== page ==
When we first found out that Regis had lymphoma three months ago, we decided to have him cremated... We'll keep his ashes and when we move to our 'forever house,' we'll plant a tree and place his ashes beneath it. It seemed like the best way to tribute our friend. Allowing his ashes to become part of a living thing that would be a reminder in our daily lives of the best dog that anyone could ever wish to have.

And I know that the hurt that we have now is only a tiny payoff for the immense love, fun, and comfort that we've shared with Regis over the past years.


Will Work for Paycheck

Searching for a job is extremely humbling. In economic times like these, it is even more so.

Over the past ten years, I've felt confident in my ability to always be able to find a job anywhere I would choose to move. There will always be kids and schools will always need teachers. I have a variety of certifications: Elementary, grades 1-6; Language Arts, grades 5-9; and Gifted Education, grades K-12. Taking a year off to stay home with my son seemed like no big deal when I resigned from my teaching position last May.

Then, the economy tanked.

This spring, I've been sent into a flurry of job applications and resumes. The uncertainty of the future has made Dave and me feel like it would be best for me to go back to work, just in case things get worse before they get better. I spend hours searching school district websites, looking for positions that aren't posted on the clearinghouse site. Every time the phone rings, I hope that it is a district calling to set up an interview. Mostly, I'm disappointed.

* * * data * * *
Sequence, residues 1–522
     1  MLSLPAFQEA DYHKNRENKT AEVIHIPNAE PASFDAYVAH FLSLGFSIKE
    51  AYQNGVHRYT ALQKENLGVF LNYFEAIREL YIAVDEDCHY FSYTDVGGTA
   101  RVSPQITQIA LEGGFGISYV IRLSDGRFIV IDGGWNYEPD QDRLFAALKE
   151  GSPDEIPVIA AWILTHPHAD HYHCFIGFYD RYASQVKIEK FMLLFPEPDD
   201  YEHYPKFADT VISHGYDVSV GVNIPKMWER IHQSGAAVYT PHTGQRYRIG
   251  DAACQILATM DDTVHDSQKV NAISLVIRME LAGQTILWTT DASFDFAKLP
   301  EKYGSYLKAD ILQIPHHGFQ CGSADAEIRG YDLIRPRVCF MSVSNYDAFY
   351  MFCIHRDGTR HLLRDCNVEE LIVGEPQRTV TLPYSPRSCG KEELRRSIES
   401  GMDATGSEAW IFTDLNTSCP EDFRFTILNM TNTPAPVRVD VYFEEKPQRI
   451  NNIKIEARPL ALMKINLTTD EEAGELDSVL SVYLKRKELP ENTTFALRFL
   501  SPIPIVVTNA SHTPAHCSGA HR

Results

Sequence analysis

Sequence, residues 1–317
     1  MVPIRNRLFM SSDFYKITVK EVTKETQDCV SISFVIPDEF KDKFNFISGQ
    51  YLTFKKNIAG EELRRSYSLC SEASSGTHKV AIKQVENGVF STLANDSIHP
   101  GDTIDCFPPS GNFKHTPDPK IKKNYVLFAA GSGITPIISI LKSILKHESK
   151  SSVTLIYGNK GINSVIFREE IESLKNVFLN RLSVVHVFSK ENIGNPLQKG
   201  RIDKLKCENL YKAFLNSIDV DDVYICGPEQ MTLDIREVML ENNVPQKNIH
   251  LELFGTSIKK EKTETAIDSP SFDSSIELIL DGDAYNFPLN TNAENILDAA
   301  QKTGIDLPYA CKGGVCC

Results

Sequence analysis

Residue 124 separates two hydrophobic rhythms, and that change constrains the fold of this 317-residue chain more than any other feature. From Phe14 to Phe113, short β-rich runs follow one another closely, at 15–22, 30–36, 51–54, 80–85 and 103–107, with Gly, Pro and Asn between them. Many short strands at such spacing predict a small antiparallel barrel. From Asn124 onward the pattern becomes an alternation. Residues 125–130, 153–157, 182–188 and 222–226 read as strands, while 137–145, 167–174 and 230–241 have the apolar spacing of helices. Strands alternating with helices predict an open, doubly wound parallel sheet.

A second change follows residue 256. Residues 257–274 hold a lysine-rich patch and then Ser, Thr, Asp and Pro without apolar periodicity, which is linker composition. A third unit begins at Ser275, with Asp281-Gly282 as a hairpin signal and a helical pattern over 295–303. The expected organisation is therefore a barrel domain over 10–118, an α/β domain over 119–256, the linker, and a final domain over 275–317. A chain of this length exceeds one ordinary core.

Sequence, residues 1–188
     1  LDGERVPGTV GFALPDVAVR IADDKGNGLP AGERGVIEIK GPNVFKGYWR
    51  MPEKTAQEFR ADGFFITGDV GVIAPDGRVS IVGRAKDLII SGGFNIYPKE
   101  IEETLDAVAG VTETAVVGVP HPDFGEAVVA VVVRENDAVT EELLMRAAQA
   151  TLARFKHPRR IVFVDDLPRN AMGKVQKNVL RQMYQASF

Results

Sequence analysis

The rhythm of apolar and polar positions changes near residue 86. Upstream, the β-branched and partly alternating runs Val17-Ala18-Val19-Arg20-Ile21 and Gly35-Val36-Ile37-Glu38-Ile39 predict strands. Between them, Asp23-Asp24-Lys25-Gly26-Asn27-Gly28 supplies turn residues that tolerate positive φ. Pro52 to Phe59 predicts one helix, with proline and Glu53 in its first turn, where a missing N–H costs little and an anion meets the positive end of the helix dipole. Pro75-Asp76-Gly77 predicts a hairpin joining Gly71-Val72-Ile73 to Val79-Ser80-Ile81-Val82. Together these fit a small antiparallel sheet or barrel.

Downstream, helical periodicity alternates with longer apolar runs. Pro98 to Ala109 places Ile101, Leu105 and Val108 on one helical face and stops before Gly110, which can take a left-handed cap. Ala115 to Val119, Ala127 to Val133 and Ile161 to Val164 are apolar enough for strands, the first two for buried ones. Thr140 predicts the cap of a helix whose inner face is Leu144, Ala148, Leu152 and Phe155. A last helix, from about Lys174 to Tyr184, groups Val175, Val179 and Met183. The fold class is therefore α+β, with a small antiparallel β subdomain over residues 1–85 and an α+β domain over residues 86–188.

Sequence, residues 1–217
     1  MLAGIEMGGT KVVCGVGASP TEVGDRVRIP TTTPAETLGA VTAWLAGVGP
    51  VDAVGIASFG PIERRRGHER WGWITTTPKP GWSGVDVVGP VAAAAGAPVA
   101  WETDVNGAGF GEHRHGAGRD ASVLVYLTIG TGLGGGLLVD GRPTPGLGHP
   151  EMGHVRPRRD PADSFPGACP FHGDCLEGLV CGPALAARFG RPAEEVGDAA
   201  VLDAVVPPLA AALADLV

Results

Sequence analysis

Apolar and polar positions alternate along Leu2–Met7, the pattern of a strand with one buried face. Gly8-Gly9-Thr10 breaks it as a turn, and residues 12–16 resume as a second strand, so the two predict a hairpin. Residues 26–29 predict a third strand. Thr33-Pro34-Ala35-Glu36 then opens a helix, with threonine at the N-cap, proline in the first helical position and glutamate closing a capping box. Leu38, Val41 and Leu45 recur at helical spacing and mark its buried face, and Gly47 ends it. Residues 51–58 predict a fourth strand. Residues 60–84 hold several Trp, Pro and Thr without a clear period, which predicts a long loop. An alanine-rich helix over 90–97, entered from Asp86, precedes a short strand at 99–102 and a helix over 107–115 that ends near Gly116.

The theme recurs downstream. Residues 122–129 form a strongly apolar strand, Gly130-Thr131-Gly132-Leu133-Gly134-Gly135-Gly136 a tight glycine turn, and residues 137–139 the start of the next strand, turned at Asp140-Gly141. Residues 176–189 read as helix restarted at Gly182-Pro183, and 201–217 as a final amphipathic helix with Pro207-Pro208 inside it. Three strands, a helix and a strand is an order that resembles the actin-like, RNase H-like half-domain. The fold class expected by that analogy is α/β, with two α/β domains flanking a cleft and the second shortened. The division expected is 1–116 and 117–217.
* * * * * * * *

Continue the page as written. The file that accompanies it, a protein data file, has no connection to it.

About two weeks ago, all of a sudden, my application seemed to make it into the hands of some people who make decisions. Within a single day, I had three interviews set up. Confidence washed over me and I thought that maybe I would have a teaching contract before the wedding.

I have a pretty good ability to assess how the interviews go once I leave. The phone interview went well, but was very brief, and I'm still waiting for follow-up. The interview for an elementary position was pretty tough; they asked a lot of very specific questions about teaching techniques that I haven't implemented because I haven't spent the last six years in the general education classroom. The third interview went extremely well; I quickly got a call for a second interview which I attended last week. With each passing hour, though, I knew that my chances of getting that job offer diminished. By the time the administrator called this afternoon to let me know that they'd chosen another candidate, I was completely unsurprised. Bummer.